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Top 12 Featured Poems From The Finalists Of The 2018 Growth Contest

After all said and done, the 2018 Growth Contest has come to an end. A totality of 72 poems from 72 contestants were recorded and compiled for the contest at the initial stage. With the help of our guest editor, Abeiku Arhin Tsiwah, we were able to arrive at 8.

For the first round, they were paired in twos and that led to the disqualification of 4 contestants, leaving the other 4 who won to the bout. That was the end of the knockout system. Another pairing was done (round 2) and another(round 3), leaving us to two grades for each of the contestants. 

The winners Olabisi Abiodun Akinwale (Winner), Tukur Loba Ridwan (First Runner Up) and Chijioke Victor (Second Runner Up) have been declared with full analysis of the grading system here

Below are the poems submitted by the top 4 contestants for the last three rounds of the contest:

Chijioke Victor


Houses are burning inside me

My eyes have lost her river to an unknown gods

In my body are cities on fire
Flying ashes to the beautiful face of the sky

Tonight comes with ghosts of dead angels
Holding burnt roses in their burnt veins

My home is a city
Decorated with flames of burning men
A home were men wear skin of men and call it fashion

If i'm angel
I will wake the dead and plant flowers on their heads

They said that men dies at their pavement of dreams

I had like to see my pastor
But I saw ghosts of children
Peg on crosses in his alter

And I saw a vulture snarling at their entrails

Suddenly my blood turn torrent
And freezed from her reservior

Ashes are not dead men
They are men flying to the blue sky

If i'm a bird
I will fly to heaven with my stories on a dragon wings

And write about the giant mosquitoes that stole my dreams from his blood

But here i am
Just a crab hissing in a dusty bow of savagery.

The making of a god

And I walked into an empty abandoned church
Suddenly I saw her aisle growing weeds
They said her priest was burnt to ashes, holding god's words in his stomach
They said their fumes flew freely to the sky
But it is not a sacrifice
This night i saw the voices of burnt priests cuddling in the beautiful faces of the rainbow
As their ghosts wallow in search of gods
Though am only a human, holding ocean in my veins
But in my heart are houses of god
And my face is her casement
I will shape my mouth to a roof
And make a god with my body and bones.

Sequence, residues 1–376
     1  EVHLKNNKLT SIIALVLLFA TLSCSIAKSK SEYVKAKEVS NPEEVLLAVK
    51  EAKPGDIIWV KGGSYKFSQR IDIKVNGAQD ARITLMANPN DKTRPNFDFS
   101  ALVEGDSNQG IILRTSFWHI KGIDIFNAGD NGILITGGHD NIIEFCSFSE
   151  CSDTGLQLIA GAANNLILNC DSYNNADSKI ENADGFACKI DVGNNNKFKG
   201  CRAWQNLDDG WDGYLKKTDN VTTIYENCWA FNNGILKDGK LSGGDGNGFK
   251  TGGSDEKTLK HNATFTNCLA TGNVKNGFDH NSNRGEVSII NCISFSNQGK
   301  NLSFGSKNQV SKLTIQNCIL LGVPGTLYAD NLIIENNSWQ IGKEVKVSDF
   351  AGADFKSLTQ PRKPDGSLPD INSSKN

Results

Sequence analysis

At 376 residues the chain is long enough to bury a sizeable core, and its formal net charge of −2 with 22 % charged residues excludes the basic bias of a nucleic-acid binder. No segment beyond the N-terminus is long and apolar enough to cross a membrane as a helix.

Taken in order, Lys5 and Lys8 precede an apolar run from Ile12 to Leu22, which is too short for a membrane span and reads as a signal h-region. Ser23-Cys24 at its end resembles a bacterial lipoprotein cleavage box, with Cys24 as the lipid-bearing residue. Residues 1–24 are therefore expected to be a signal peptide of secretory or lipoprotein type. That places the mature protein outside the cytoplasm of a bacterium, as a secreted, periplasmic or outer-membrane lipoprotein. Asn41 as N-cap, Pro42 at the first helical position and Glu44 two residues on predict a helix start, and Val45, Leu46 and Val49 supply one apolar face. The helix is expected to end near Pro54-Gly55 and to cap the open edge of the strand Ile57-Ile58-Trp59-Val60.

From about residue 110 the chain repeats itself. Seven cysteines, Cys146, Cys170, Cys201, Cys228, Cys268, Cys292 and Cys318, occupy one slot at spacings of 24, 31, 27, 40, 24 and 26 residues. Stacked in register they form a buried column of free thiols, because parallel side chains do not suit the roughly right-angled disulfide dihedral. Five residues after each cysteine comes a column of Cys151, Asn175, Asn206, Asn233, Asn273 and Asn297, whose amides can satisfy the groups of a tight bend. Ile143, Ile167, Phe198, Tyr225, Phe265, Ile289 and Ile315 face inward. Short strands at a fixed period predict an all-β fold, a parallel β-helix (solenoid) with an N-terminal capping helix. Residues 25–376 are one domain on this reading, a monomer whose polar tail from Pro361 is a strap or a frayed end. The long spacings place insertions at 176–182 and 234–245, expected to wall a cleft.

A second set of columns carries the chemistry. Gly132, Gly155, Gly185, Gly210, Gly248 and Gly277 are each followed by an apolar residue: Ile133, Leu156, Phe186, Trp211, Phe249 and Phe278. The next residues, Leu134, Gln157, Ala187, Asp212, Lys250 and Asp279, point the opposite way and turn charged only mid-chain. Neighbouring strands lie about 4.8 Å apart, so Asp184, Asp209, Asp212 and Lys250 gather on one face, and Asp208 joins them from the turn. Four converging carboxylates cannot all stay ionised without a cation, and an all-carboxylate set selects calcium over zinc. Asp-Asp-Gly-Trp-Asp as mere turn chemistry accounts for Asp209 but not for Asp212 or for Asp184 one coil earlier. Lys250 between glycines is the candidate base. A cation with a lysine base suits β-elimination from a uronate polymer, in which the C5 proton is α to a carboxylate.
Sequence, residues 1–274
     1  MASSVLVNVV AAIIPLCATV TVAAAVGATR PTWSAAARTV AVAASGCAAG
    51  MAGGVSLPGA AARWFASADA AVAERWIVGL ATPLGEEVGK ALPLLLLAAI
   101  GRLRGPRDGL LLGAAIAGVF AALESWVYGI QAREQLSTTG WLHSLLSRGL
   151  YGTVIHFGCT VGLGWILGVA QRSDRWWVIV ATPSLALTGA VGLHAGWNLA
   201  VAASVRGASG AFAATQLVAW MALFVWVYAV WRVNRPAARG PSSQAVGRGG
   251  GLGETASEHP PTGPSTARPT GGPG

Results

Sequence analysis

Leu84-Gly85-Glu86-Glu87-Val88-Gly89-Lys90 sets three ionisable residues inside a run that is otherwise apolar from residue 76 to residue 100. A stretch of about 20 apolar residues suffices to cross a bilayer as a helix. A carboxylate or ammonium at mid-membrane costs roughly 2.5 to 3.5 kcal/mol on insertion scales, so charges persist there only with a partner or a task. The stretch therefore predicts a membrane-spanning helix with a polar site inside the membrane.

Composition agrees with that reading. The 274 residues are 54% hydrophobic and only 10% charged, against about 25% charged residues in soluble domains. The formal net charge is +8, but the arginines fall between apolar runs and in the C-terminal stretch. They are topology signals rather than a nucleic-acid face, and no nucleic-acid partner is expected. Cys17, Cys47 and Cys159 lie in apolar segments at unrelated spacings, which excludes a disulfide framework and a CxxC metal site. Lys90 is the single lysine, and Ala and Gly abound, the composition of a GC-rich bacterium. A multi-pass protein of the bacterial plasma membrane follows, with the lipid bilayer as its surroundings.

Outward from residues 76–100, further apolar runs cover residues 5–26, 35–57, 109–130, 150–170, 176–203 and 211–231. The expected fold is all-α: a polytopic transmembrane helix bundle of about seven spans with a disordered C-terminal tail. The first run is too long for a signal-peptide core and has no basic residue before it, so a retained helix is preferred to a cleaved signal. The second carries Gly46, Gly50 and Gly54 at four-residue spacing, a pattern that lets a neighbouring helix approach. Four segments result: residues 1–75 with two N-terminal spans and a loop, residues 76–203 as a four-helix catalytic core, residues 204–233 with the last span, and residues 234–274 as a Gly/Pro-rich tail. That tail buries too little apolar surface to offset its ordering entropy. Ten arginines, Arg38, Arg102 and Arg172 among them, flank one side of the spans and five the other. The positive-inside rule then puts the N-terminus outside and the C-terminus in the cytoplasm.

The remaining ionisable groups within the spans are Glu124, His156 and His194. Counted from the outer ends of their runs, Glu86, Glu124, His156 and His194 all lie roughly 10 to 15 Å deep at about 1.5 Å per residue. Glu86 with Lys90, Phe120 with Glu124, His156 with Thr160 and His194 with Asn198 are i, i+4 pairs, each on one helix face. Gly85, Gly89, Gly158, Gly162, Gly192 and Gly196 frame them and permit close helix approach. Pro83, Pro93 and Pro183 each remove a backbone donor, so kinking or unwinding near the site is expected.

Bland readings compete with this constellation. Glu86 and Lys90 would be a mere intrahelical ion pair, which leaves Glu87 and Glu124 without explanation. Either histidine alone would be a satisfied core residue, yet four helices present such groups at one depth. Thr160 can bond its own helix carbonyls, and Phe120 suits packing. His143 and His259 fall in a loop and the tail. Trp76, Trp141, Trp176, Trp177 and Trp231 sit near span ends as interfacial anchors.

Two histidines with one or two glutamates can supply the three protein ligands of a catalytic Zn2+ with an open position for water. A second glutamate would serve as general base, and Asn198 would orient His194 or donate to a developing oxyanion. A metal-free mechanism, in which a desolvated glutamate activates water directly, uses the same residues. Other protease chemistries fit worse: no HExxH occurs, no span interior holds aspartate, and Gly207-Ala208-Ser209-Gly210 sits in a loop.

Stand a broken pot on the cold arms of a burning ice,
And send your ghost to a cemetry,
To reap the wrecked hearts of the dead.

Dress your table with duvets of colours
And watch the hearts of men burn in arms of ice

You must drill the dept of an ocean
To sort homes of fire
To cook the dead entrails hissing in the broken pot.

They said there are nests of fire
In the body of dead angels
So you must drift away with the wind into uknown worlds
To sort their bones and bodies

And when the dinner shall ring her bell, dress the children in whites
For they shall sit for my favorite meal
And watch hearts of men

Cooked with ice, served in a clean table.

Nwankwo Prosper Okwudili


—father once told me about power:
he said it's a sword that haunts the bearer.
Like a King's mind is a progidy of dreams,
when his heart becomes the tentacle of thrones.
As in the nature of man;
We are all aged thirsting for a power,
placing creed and oath beneath the shoes of greed,
to walk the void paths of a hopeless world.
At times I tremble at the spindle of God's might,
when each day crawls in and out of my body,
like a government mounted upon the shoulder of dreams;
directing the vision of hopes
screwing my conscience sovernance
in a system of friends
renting foes in dynasty that misspells a nation's sovereignty...

Mother told me last night,

We are pictures measured in words,
Like portraits hold scars as flower;
where eternity built on nothingness,
Like how boys fight wars in their shadows,
secrets are songs in our heartbeat.
like the mind parade the running issues of life.
Keep these puzzles in your mind
if you've a soul, you're a god.
If you've a heart, you're human.
If you've conscience you're a miracle.

This is the making of a god. She said!


It's way too simply to doubt my culinary prowess when i tell people I can cook, as a man. My favorite meal is OFE EGWUSI NA GARI (melon soup and garri)  as the English would have it labelled.  As in igbo culture, this meal is prepared with great diligence, as I have always watched my mother had the magic delicacy done, which begins by the cook's discretion on how many cups of EGWUSI to make. And there are three methods to have this meal done:
1: by frying.
2: by simply pouring into a boiling pot.
3: by moulding and pounding after cooking.

To ready this meal. I prefer the third method which best describe my culture's recipe,as learnt from my mother.

 First, it's crucial to know it's a 45 five minutes meal preparation. I start by making available two cups of EGWUSI, then grind it synthesised with pepper, crayfish, ogili okpeyi (native Maggi). Haven done this perfect blend with the grinding machine, in 5 minutes.

The second stage goes by washing the Anu (meat) and Azu (fish), ugu (pimpkin-leaves) thrice with salt. Then pack in a mini pot of three cups of water, sitted on a well glowing fire. I add half teaspoon salt, three cubs of maggi, pounded fresh pepper and let it boil for 15 minutes.